Saturday, November 29.
The whirlwind of passion and excitement, which swept over the country north and south at the beginning of the war, is now a thing of the past; and that intense feeling of sectional hatred which followed, and which has characterized the war hitherto in so striking a manner, appears at last to be subsiding. Hitherto every possible means have been resorted to in both sections to inflame the minds of the people against each other; and that unnatural spirit of extermination which ever characterizes civil war pervaded the minds of all classes, from the highest to the lowest. Newspapers have teemed with false and incendiary articles unfit to be published among a Christian people. The most opprobrious epithets knows to the English language have been applied by the people of one section to those of the other. The people of the one have been taught that those of the other had suddenly ceased to be men and women like themselves. — Each party, as the fortunes of war happened to turn, have alternately feasted and fasted in answer to what seemed to be the smiles and frowns of Heaven, but never omitting to invoke the vengeance and wrath of their common Creator upon the other. The sons of Clay and Webster have been arrayed against each other. The descendants of Washington and Jackson on the one side, and those of Adams and Hancock upon the other, have met in deadly conflict upon the field of battle. — Douglas and Stevens, and Bell and Everett have each respectively urged his neighbors to meet those of the other at the point of the bayonet.
Foreign nations, jealous of the power and prowess of the American people, have looked upon the strife with self-complacency and ill-disguised delight. The British ministry prefer the support of millions of government paupers by an addition burden upon the Queen's tax-ridden subjects to a termination of the suicidal conflict. But people have had time to reflect, and now seem almost ready to reason together. — Some of the hitherto leading war journals both north and south, now, in a timid and cautious manner, venture to discuss the policy of peace; and here and there a leading man submits a plan or basis upon which the States may, with honor to themselves and to each other, resume friendly relations. The popular mind seems disposed to turn from the darkness of war to the light of peace.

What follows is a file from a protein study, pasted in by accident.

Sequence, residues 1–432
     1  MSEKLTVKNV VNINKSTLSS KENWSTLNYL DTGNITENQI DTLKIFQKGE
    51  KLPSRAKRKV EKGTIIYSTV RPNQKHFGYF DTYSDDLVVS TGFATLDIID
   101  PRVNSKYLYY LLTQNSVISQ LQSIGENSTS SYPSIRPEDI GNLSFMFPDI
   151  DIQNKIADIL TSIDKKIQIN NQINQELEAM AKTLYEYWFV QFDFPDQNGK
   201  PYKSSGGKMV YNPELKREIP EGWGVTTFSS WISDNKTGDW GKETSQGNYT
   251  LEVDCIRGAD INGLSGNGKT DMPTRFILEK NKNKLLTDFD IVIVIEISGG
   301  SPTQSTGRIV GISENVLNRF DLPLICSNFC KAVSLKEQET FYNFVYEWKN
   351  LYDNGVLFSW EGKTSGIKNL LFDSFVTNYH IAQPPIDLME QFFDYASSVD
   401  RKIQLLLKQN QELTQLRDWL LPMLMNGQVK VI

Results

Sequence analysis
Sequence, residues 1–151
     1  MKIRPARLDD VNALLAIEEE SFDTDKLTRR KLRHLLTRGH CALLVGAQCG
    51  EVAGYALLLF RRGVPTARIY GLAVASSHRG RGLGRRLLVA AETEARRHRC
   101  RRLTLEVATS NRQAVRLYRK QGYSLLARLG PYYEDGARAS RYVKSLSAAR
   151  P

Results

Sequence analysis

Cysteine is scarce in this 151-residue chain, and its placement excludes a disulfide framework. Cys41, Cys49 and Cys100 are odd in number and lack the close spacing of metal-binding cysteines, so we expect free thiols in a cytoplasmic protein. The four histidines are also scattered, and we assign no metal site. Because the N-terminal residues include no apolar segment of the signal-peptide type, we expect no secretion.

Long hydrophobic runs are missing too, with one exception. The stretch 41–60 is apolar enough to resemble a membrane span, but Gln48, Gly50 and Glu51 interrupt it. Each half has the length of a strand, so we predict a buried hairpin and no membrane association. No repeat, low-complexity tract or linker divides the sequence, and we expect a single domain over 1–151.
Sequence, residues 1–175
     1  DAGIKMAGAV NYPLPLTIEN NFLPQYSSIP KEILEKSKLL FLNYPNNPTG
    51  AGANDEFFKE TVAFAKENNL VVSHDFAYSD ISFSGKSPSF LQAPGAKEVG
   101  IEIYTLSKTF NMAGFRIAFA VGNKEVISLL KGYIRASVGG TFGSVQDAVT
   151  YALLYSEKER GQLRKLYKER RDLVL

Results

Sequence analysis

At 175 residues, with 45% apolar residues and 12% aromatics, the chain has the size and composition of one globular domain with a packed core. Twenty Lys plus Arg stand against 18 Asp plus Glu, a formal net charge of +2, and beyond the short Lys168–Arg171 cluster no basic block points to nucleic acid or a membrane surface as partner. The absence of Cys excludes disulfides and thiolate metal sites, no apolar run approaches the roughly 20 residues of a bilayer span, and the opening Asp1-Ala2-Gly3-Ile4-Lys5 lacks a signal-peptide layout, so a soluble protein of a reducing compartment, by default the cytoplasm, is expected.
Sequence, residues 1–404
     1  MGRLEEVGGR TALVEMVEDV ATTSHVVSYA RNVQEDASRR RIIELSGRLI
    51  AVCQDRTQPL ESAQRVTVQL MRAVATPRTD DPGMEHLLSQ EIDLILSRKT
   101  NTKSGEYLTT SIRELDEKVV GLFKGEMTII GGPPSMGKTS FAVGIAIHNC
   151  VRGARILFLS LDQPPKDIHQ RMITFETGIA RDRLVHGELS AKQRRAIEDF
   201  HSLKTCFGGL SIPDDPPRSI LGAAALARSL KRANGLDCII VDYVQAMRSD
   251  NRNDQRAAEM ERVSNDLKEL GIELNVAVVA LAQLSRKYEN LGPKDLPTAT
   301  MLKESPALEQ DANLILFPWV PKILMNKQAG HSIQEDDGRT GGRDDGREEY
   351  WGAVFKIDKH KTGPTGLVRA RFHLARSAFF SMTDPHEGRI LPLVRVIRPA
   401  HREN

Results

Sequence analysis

The telegraph informs us that a great national convention has been called to meet at Pittsburgh on the 8th, of January. — Whether this dispatch is reliable or not we cannot say, but it seems that the dismal season of war is drawing to a close. The people once again begin to reflect that we are all still Americans, and revere the names of Washington and Jefferson, and are still, as firmly as ever, attached to the great principles of self-government taught us by these illustrious men, and that we are able and willing to carry out these great principles, by settling and adjusting all matters of State as statesmen, not as barbarians. Each section has become convinced of the gallantry and bravery of the other. As soldiers each have won the respects of their opponents — having proven themselves, with few exceptions, heroes in war, who fight as only Americans can fight. The American soldier and citizen is the same hardy, courageous, generous and warm-hearted freeman whether he be found in the north or in the south. The people begin to reflect that they are not a nation of outlaws and savages — one half traitors and the other half vandals and murderers bent upon the subjugation and extermination of their own countrymen.
Let the people be once released from this cruel conflict among themselves and there will be a re-union of the north and south sincere, cordial and earnest.